On the streets of Kabul, advertisements depicting the faces of women are sprayed painted over. In a fitting metaphor for the regression of the gains made in the last 20 years, it took only days for years of progress to unravel following the withdrawal of American operations on August 31st and the Taliban’s sweeping takeover. In the following interview, NATO Association of Canada Junior Research Fellow Brynn Hopper sat down with Sally Armstrong to discuss the unfolding crisis in Afghanistan, its implications for women’s rights, and the international security threat it poses.
Author: Brynn Hopper
Brynn Hopper is a Junior Research Fellow for the NATO Association of Canada’s Women in Security Program. She recently graduated from Queen’s University with a Bachelor of Arts Honours in Political Studies. In her undergraduate career, she led her university’s international affairs publication, The Observer. Her academic interests include human rights issues, gender equality, and international diplomacy. This summer, Brynn is working as the Public Affairs Intern at the United States Embassy in Ottawa.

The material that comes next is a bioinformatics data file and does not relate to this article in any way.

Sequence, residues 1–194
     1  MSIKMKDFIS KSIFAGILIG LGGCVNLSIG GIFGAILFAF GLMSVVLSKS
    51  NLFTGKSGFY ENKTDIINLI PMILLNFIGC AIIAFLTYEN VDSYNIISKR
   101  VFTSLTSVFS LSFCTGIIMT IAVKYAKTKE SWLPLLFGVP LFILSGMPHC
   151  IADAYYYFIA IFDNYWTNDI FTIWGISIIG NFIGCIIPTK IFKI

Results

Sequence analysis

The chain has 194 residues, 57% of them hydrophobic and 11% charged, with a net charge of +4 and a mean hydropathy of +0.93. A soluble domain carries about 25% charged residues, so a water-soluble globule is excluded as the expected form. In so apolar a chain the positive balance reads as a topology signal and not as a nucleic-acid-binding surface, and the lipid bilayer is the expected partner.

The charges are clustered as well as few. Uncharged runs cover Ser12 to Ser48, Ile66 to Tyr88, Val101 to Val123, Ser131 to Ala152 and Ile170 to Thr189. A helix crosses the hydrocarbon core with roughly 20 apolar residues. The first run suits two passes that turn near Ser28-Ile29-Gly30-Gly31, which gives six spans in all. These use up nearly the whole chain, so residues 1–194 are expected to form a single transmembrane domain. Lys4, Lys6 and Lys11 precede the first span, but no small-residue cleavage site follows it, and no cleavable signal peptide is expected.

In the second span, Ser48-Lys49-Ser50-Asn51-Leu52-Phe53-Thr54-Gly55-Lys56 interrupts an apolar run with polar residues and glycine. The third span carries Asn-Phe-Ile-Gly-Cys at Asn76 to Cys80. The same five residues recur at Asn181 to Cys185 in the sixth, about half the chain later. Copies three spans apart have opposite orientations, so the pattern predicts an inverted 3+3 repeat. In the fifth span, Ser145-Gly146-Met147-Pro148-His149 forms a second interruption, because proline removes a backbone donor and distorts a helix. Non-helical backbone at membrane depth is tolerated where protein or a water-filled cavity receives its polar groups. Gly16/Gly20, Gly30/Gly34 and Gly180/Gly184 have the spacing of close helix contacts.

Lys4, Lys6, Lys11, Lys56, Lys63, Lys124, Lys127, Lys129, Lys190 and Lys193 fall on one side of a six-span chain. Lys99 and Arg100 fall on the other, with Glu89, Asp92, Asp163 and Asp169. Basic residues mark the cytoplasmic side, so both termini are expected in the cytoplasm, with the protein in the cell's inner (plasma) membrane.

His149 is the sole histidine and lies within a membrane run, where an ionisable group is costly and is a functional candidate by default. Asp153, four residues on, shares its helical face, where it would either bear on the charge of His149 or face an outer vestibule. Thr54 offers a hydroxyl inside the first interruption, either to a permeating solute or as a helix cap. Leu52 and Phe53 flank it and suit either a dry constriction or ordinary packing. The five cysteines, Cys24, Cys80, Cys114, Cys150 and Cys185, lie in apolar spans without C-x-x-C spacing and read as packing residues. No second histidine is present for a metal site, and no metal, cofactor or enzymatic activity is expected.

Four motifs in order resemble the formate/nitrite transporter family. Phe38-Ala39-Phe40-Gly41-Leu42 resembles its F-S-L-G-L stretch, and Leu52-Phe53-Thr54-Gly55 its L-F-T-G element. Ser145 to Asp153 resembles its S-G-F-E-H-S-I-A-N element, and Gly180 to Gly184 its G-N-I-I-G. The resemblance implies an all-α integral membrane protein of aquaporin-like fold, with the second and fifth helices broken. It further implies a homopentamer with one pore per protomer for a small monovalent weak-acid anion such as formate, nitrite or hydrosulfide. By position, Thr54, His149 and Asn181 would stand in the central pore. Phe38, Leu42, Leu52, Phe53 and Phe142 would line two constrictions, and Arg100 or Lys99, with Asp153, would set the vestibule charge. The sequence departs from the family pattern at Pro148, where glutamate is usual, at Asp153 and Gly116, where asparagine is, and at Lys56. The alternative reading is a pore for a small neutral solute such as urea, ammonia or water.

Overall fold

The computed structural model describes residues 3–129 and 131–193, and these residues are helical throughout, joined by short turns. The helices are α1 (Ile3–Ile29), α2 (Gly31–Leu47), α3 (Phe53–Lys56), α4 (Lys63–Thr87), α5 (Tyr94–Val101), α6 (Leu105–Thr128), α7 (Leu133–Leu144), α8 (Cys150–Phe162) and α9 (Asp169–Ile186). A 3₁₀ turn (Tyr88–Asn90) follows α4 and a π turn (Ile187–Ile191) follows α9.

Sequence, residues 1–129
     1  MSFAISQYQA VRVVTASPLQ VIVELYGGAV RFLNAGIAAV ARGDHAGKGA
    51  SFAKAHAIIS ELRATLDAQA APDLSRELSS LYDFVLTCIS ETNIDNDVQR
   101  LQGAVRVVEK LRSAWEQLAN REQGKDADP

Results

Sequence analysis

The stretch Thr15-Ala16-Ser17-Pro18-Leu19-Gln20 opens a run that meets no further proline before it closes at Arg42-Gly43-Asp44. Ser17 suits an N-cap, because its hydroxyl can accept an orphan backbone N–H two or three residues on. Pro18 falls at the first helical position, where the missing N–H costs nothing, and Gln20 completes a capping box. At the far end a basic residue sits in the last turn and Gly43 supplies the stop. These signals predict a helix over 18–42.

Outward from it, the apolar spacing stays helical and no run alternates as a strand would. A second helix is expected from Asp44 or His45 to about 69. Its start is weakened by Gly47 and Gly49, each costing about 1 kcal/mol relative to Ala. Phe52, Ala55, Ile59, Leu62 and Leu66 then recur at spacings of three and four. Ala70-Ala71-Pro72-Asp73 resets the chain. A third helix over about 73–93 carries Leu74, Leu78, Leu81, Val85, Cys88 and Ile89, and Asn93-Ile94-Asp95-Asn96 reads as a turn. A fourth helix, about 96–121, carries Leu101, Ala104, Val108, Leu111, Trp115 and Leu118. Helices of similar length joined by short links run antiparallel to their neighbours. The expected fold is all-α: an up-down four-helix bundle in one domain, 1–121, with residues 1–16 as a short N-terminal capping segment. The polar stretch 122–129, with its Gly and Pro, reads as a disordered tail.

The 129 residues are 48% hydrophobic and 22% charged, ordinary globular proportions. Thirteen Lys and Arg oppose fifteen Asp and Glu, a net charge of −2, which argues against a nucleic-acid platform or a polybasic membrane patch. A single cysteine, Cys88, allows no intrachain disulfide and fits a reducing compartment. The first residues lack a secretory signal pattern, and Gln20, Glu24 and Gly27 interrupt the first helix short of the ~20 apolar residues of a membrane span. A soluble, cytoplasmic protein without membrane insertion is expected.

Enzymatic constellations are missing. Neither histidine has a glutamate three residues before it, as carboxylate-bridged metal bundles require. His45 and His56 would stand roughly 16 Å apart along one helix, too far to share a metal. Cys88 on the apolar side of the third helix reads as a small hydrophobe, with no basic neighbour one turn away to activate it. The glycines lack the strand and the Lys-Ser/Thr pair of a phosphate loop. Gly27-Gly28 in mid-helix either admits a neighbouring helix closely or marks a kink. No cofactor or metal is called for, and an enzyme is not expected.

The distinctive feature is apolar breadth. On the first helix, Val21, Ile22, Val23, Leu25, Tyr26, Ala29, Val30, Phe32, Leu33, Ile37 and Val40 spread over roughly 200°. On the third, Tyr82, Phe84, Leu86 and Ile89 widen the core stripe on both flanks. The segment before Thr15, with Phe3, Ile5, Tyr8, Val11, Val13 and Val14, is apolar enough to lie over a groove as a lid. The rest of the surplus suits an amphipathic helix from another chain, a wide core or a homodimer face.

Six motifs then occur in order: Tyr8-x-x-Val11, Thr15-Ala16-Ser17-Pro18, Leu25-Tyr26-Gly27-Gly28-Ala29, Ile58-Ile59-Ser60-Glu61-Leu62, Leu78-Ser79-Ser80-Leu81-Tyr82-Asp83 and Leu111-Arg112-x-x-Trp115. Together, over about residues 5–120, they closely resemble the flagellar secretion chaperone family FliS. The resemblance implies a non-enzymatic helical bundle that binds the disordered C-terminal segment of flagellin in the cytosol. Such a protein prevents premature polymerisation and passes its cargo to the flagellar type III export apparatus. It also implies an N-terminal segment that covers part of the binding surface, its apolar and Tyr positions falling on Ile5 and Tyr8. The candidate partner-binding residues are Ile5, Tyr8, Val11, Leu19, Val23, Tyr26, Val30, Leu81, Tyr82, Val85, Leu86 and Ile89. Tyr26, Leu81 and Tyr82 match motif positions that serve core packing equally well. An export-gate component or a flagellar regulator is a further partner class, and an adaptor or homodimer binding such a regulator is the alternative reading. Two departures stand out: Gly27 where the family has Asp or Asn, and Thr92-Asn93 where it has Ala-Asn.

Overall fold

An Attack on Autonomy
In this article, Brynn Hopper explores Poland’s backsliding on women’s rights issues and the implications of a near total ban on abortion.